You need to go step-by-step, strategically:
Keyword research – deciding the themes and topics on which you’ll create content.
Technical SEO – good servers, canonicalization, HTTPs, speed optimization, etc.
On-page optimization – titles, meta descriptions, URLs, etc.
Good semantic core – proper use of keywords and their variations in the content
All of these activities should be undertaken and completed before you even begin link building.
Simultaneously, you can run other types of digital marketing campaigns, such as PPC, email marketing and PR. However, SEO is your best bet, because it leads to long-term and sustainable revenue.
Go Build Your Links!
Our own service Serpzilla is a marketplace that allows you to buy links – a real lot of them – in the space of a few minutes. However, there are a lot of variables that affect the cost of SEO. Therefore, you shouldn’t think about or spend your link building budget in the same way as your PPC budget.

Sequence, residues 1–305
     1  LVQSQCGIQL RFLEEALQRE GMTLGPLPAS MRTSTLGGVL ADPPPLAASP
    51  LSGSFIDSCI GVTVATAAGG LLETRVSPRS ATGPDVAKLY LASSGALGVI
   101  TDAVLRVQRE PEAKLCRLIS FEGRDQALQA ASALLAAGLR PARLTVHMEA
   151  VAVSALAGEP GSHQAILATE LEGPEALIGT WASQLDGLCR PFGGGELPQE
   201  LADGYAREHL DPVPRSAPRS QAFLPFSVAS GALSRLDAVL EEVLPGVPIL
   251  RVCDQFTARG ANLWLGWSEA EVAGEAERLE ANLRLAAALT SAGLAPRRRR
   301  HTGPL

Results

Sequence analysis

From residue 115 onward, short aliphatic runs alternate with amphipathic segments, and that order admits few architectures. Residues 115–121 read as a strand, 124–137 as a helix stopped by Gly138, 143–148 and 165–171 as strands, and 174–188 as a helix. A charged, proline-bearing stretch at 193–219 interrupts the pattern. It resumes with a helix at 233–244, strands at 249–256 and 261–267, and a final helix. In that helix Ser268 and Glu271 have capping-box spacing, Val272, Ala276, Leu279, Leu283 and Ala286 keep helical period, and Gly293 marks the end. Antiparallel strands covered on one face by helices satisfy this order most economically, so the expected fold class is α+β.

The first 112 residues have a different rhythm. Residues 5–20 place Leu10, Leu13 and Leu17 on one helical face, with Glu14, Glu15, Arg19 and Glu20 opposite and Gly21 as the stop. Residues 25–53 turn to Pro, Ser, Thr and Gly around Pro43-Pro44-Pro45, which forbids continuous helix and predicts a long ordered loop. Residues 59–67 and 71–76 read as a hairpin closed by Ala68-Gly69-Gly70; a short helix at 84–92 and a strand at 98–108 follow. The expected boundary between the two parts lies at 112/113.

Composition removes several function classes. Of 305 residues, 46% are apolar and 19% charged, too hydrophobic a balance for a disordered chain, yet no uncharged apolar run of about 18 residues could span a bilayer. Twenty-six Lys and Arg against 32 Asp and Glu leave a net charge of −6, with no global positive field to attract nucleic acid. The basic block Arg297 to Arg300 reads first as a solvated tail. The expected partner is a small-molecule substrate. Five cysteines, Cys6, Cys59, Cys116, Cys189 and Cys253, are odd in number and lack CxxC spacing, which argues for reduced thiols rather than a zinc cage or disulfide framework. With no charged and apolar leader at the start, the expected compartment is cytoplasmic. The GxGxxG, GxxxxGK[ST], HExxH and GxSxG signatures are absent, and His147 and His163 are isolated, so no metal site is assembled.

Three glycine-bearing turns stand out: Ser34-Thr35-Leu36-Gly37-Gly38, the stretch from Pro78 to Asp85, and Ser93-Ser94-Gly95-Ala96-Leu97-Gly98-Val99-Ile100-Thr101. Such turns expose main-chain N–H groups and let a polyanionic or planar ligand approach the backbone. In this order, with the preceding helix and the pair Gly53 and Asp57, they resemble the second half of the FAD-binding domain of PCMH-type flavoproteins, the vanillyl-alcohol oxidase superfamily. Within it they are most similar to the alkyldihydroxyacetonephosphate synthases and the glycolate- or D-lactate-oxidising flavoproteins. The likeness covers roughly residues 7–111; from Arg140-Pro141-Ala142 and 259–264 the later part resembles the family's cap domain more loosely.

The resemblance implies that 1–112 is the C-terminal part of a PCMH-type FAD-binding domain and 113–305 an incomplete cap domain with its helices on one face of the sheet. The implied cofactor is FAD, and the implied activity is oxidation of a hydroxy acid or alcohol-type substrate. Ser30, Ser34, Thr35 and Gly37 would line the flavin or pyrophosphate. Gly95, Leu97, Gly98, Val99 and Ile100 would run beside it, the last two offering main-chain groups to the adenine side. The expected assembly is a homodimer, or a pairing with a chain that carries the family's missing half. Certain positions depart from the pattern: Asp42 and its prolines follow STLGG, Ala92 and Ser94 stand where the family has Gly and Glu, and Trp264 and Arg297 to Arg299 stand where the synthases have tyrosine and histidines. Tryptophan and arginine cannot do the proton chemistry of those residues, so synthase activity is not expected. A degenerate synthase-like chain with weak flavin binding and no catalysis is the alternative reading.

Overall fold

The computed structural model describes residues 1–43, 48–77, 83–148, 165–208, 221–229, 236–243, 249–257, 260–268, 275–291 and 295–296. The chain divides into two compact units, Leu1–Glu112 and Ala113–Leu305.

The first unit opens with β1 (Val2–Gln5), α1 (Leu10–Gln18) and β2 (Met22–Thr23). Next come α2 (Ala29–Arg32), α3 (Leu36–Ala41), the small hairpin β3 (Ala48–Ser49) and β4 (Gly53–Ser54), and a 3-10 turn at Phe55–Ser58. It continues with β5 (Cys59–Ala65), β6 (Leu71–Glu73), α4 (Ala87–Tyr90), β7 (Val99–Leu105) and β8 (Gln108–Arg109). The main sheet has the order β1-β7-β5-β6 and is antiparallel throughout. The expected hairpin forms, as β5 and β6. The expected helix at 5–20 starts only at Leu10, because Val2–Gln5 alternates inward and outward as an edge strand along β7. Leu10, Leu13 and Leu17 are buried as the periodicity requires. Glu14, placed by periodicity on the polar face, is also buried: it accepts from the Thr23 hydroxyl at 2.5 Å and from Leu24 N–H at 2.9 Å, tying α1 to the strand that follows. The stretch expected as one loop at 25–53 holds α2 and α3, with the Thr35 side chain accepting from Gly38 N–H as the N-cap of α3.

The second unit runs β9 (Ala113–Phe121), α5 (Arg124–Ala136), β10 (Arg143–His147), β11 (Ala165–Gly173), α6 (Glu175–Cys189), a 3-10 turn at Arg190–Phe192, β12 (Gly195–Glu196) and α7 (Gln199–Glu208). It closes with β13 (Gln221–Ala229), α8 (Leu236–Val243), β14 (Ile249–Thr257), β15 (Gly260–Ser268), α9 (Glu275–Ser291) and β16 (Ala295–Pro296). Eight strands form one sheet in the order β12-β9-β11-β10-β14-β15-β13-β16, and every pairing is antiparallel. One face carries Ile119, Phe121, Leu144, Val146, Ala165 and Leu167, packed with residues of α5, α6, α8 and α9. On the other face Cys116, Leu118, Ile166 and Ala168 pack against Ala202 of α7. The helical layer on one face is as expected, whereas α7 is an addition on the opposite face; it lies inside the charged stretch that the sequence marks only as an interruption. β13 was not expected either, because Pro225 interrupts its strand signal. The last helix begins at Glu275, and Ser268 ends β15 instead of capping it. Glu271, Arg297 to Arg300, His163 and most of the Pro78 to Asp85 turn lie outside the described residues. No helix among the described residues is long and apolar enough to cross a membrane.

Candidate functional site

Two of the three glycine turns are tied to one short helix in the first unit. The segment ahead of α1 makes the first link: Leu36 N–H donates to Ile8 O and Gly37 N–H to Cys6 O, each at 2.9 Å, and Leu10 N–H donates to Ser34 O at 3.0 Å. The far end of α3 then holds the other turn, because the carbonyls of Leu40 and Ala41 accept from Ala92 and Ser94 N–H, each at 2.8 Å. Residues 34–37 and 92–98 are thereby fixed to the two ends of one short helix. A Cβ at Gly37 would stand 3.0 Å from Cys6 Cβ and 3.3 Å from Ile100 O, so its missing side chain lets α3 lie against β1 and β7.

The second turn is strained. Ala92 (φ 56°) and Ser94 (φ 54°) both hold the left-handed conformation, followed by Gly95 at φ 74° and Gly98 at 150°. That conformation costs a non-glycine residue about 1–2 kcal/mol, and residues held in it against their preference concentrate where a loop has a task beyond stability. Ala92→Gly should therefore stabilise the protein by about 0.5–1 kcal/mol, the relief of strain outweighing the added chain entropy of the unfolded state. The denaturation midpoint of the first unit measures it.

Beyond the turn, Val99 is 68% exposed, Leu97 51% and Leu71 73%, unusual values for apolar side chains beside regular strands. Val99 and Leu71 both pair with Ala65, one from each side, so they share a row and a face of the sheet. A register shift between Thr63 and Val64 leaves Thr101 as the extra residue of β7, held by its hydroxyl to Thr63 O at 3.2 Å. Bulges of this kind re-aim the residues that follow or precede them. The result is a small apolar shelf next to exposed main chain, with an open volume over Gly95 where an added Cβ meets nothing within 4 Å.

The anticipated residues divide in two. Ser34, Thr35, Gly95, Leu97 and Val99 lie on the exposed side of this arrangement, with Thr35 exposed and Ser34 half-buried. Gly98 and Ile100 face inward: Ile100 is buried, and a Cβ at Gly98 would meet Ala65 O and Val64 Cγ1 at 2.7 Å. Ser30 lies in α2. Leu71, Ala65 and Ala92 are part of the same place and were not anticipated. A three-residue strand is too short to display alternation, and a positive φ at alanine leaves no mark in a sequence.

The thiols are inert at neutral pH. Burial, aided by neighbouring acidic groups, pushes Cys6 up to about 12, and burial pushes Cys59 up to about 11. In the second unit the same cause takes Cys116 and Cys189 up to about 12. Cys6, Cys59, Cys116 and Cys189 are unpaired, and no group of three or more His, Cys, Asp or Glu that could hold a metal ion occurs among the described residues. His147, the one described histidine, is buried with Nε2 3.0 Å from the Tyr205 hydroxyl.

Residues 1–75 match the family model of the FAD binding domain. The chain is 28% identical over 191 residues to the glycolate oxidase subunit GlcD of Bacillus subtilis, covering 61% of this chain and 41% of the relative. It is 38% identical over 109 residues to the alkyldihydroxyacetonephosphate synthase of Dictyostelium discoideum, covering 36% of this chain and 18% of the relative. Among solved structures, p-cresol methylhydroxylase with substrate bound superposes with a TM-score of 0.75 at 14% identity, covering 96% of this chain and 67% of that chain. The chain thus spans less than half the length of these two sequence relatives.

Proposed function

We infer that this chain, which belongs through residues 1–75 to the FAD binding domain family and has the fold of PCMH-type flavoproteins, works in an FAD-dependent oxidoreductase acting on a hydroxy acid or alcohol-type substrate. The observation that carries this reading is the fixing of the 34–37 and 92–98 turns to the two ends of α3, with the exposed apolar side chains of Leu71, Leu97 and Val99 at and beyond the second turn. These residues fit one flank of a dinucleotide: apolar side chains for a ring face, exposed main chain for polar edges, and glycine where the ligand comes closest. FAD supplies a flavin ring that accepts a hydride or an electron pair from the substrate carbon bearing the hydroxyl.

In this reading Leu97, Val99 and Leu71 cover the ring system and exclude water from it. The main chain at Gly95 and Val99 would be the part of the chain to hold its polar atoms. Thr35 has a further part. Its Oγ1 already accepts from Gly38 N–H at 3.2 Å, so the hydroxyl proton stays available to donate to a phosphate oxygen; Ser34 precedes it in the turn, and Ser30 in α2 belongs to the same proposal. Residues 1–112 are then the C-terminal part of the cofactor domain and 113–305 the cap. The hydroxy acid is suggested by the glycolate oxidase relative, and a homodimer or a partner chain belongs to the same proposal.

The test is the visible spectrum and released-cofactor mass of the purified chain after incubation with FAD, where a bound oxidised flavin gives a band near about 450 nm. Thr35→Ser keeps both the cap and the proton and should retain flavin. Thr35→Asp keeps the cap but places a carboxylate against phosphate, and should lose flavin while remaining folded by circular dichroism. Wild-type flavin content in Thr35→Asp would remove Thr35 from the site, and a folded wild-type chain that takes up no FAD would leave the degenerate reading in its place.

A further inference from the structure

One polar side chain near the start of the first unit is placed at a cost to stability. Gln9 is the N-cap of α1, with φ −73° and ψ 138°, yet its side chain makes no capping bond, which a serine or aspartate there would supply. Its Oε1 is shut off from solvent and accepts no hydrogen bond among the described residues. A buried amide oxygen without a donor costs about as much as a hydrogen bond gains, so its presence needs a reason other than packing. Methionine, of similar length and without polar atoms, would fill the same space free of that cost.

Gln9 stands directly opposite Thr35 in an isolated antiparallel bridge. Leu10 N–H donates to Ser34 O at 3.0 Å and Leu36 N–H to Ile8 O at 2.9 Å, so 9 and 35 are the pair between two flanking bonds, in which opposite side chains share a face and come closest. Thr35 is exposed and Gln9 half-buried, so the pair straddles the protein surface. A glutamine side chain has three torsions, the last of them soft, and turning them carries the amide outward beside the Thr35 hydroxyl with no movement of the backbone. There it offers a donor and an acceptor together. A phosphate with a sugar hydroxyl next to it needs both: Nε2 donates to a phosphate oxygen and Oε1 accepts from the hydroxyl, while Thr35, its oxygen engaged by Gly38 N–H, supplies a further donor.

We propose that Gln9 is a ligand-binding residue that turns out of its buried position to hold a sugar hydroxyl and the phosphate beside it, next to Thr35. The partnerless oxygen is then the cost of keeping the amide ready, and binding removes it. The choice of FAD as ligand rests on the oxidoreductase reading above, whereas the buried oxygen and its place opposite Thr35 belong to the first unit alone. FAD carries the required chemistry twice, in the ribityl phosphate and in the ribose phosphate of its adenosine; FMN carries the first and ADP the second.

The difference between PPC and link building is that PPC gives immediate results, but it also stops being effective the moment you stop spending money on it. Instantly. For PPC to work, you need to keep paying as long as you want traffic to your landing pages.
However, if you’re looking for a long-term tactic that has the possibility of sustained and exponential returns, look no further than link building. The best way to boost trust and site authority is to build high-quality backlinks from websites that also have great trust metrics. Trust flow in link building is equivalent to cash flow in business.
Ultimately, you can buy thousands of backlinks – sky is the limit. Our prices start from as low as $0.01 per link. I highly encourage you to sign up and try out Serpzilla. The account and the billion-page database are 100% free to access. You only pay for the links you actually decide to buy.
And yes, the best backlinks are ones that you pay for. That’s the cardinal rule of SEO!